I have no problem with how much money anyone makes.  The more the merrier. Good for them.  It is part of the freedom of America and the freedom of the capitalist economy.  People are free to make fortunes.  That is a good thing.

The only problem I have with people making fortunes is if they do so by damaging others.  I clearly have a problem with meth and heroin dealers making their fortunes because they do so by the ruination of millions of lives.  I have a problem with criminals of all types who create their wealth by hurting others.  I have a problem with the fortunes made by the reckless financial industry who found ways to pull vast sums of money out of the middle class's pension funds, homes, and lives by creating financial casinos that generated personal fortunes for them, but ended up creating the Great Recession and scores of millions of unemployed in America and the developed world.   

But, do I have a problem with the 1% per se?  No.

The left wing Mother Jones magazine published an interesting chart showing the makeup of the upper 1%.  The top category is non-financial executives, managers, and supervisors - 31%.  Next is the medical profession at 15.7%.  Only then does the financial sector show up at 13.9%.  Then you get lawyers, engineers, scientists, real estate, entrepreneurs, arts, government, farmers, teachers.  

How does it become such a wide range of people?  They get their wealth via investments, primarily.  Their money makes them money.  

So, I hate to see this political movement call upon the old, tired and toxic appeals to envy and jealousy. I think the financial industry still is in need of reform by regulation and oversight because their unfettered actions and greed have crashed the economies of the developed world, not because they are making too much money.  The outsized fortunes that the financial people are making come from an incentive system that rewards financial transactions that put the economies of the world at risk rather than do what the financial industry is supposed to do, which is support and spur the economy.  It has become out of balance.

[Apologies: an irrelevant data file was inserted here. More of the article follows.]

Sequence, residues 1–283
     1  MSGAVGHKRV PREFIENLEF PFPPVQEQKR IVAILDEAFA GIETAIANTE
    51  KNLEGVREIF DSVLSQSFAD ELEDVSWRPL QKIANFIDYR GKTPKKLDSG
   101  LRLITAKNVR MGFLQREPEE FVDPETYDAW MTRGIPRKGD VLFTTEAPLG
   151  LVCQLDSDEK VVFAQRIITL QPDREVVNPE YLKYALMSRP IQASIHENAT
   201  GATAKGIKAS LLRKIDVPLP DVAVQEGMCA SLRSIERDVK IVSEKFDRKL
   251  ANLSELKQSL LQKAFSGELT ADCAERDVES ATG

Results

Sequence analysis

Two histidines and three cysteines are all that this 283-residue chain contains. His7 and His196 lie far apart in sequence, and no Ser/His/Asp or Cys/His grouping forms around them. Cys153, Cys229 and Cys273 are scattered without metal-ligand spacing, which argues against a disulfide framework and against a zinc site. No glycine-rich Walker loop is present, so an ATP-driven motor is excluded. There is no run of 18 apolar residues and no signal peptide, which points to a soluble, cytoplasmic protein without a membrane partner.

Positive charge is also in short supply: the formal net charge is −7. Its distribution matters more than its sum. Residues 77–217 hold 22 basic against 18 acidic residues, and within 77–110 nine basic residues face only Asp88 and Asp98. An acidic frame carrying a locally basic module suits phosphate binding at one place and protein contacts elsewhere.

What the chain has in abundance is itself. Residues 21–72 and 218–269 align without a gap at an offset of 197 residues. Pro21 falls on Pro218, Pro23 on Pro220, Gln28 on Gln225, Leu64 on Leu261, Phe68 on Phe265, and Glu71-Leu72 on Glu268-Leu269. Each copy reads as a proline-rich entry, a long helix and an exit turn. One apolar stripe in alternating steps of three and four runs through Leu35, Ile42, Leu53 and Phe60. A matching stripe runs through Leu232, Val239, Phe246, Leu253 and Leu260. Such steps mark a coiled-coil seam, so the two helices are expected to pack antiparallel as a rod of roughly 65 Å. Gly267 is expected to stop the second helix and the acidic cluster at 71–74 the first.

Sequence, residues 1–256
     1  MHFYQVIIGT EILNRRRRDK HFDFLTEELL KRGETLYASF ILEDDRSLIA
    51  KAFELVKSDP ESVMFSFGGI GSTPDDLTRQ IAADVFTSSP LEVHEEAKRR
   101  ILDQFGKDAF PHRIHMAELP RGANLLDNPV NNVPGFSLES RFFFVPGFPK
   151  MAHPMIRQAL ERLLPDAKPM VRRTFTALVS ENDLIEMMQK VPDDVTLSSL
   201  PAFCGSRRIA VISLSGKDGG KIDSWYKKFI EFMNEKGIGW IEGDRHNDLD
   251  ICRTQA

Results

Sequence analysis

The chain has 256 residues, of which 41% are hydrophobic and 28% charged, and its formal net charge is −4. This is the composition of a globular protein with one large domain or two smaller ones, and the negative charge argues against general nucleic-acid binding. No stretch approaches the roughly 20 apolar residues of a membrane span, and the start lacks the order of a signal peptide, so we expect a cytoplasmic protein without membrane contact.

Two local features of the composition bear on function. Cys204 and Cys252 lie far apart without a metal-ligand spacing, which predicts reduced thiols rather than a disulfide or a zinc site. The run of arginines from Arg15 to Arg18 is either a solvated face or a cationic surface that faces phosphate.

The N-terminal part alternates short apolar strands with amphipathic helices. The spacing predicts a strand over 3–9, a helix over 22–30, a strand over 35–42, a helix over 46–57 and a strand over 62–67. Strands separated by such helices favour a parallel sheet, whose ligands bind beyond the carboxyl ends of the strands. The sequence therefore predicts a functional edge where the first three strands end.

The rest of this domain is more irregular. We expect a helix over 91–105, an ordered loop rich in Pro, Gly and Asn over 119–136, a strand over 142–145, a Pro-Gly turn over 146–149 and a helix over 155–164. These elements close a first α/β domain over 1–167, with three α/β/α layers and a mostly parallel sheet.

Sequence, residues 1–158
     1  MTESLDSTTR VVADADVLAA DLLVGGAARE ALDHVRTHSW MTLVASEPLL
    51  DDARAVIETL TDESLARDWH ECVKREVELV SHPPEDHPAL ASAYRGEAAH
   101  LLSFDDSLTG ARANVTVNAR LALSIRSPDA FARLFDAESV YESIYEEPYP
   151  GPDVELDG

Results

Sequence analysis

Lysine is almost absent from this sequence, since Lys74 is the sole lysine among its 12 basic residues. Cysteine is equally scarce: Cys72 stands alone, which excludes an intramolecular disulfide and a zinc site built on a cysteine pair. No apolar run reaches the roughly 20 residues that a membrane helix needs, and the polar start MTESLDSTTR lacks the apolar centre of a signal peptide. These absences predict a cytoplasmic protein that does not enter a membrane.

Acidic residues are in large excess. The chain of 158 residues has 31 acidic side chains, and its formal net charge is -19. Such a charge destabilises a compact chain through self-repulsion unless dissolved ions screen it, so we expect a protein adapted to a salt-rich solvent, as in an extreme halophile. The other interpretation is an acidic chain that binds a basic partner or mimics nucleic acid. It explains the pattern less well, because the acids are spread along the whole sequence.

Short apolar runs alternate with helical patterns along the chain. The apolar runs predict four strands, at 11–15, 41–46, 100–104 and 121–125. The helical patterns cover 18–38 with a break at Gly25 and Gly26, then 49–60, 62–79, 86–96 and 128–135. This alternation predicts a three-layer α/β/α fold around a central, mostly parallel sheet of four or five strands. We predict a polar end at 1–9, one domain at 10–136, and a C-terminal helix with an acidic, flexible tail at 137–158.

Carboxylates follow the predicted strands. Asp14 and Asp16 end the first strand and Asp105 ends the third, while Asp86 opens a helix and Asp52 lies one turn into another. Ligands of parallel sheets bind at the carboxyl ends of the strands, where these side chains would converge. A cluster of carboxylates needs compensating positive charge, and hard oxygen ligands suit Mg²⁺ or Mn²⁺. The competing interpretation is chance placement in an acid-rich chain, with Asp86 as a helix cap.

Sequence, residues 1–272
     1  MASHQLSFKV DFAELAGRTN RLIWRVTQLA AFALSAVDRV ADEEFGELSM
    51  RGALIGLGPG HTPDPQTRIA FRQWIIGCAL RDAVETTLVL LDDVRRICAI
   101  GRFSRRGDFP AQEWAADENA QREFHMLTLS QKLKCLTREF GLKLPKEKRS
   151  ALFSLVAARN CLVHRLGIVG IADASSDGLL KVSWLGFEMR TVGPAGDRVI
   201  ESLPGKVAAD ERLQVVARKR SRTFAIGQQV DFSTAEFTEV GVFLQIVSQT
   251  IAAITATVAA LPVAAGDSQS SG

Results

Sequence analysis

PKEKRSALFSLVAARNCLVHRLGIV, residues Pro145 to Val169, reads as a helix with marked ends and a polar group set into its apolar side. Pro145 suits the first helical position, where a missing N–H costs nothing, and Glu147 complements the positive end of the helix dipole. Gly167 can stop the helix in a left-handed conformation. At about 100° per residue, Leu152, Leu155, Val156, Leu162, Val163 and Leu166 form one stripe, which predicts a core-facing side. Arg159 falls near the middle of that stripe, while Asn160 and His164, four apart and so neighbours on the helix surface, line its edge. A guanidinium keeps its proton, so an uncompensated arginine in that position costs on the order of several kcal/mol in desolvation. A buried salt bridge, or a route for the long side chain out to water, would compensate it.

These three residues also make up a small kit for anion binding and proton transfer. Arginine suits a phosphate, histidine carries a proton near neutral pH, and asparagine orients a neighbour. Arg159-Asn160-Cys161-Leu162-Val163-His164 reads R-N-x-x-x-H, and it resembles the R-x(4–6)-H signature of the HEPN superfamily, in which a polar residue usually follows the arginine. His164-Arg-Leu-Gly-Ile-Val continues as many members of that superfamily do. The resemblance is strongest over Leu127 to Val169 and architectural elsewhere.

The key question in my mind back in the '80s when the Left Wing was so upset by the spirit of Reaganism was this.  Which is better, a system that allows the top end to grow its wealth 300% and also allows the lower and middle classes to grow their incomes 2, 3, 5% - or a system that has the upper end stay the same or lose wealth, but the lower and middle classes also stay the same or lose income.  I think that describes the difference between Capitalism (everyone grows but the top grows faster) and Socialism (everyone stays about the same but slowly declines in a stagnant system).

We ended up with an overly deregulated capitalistic system where the top end grew by leaps and bounds, and the lower and middle stayed very much the same.  The expanding economy didn't lift all boats, as it turned out.  

Finding the balance is always the result of competing ideas and political forces.  We had nearly thirty years of Reaganomics which crashed into the wall in 2008.  We are experimenting with Obamanomics now with his attempt to grow the government and control the markets.  The angers on the Left and Right today are largely inchoate, naive, and fairly stupid.  But they speak to real issues to balance the need for growth and freedom to innovate and create, and the need for the society as a whole to feel they are operating in a fair world that isn't stacked against them.